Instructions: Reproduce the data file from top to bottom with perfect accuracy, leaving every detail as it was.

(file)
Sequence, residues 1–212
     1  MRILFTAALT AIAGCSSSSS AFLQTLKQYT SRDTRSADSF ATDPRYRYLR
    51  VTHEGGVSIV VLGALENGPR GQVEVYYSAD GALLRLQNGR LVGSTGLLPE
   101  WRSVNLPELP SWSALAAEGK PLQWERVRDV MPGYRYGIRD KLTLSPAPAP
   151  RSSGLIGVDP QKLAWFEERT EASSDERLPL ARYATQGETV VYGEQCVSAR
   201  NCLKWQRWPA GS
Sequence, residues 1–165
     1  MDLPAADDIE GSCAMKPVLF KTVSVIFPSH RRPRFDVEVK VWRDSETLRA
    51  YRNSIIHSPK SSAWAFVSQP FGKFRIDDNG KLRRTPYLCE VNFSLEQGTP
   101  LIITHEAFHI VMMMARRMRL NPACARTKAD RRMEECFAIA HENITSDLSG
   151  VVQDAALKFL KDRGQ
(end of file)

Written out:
Sequence, residues 1–212
     1  MRILFTAALT AIAGCSSSSS AFLQTLKQYT SRDTRSADSF ATDPRYRYLR
    51  VTHEGGVSIV VLGALENGPR GQVEVYYSAD GALLRLQNGR LVGSTGLLPE
   101  WRSVNLPELP SWSALAAEGK PLQWERVRDV MPGYRYGIRD KLTLSPAPAP
   151  RSSGLIGVDP QKLAWFEERT EASSDERLPL ARYATQGETV VYGEQCVSAR
   201  NCLKWQRWPA GS
Sequence, residues 1–165
     1  MDLPAADDIE GSCAMKPVLF KTVSVIFPSH RRPRFDVEVK VWRDSETLRA
    51  YRNSIIHSPK SSAWAFVSQP FGKFRIDDNG KLRRTPYLCE VNFSLEQGTP
   101  LIITHEAFHI VMMMARRMRL NPACARTKAD RRMEECFAIA HENITSDLSG
   151  VVQDAALKFL KDRGQ